Artomix? Comicart? How do I describe this pretty periodical I discovered at my Friendly Local Comix Shop last week? I was so baffled I nearly didn’t pick it up — but a buck-and-a-quarter price tag was impossible value in the world of comics, so I took a plunge.
Cursed Pirate Girl. It’s clearly a comic — four of its 16 pages are sequential art right there in the front. But these ain’t no typical funnybook panels: they’re part Art Nouveau, part illuminated manuscript; panels of such detail it takes artist Jeremy Bastian a week or more to turn out a single page.
So it’s an unusually pretty comic, but it’s a comic, right? Since it’s an “issue 0,” (code for a sampler or starter issue), it’s not surprising to find an interview with Bastian, a septum-ringed Luddite who apparently retreats to his backwoods redoubt to labor over meticulous little brush strokes. But here’s the baffler: Olympian Publishing seems to be a real hybrid house, publishing comics, art gallery books and, apparently, running a private art gallery going public this year in Chicago. It seems part of their business will be publishing the companion books to the exhibitions they’ll mount.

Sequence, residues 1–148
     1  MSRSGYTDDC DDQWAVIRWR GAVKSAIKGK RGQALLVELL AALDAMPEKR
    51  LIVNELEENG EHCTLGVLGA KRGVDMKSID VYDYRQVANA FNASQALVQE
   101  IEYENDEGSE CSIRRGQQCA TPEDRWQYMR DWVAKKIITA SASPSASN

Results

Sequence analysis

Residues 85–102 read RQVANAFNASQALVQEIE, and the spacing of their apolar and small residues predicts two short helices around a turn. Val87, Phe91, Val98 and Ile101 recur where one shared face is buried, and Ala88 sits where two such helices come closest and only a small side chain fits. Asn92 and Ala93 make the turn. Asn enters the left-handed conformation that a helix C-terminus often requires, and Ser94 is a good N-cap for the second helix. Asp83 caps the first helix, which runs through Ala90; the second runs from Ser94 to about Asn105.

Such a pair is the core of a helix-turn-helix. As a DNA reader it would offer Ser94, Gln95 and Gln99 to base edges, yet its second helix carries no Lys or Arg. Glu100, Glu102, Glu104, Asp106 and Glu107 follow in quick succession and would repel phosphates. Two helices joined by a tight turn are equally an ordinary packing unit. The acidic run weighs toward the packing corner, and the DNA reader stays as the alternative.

An art gallery … that publishes comics?
They aren’t kidding. Further on in this little pamphlet are interviews with actual, you know, real-art artists, like Neil-Gaiman-regular Dave McKean and an impressive oil-on-canvas painter named Gail Potocki. This issue of CPG includes ads for exhibitions of their work, with the encouragement: “If you’d like to be placed on the waiting list for acquiring original & exclusive limited edition artworks from the show, please contact…” (McKean will even be the “artist in attendance” for the July 17-19 show.)
Unheard of. Comics are kind of a bastard medium, sometimes high culture, sometimes low culture, but rarely two-in-one. If Olympian Publishing can bring the two extremes closer together, that’s good news for the quality of comics coming down the pike. I wish these guys well as they raise the bar for what “indie comic” means.
For the record, credit Comix Revolution in Evanston, Illinois, for being cool enough to stock such an uncategorizable hybrid on its shelves.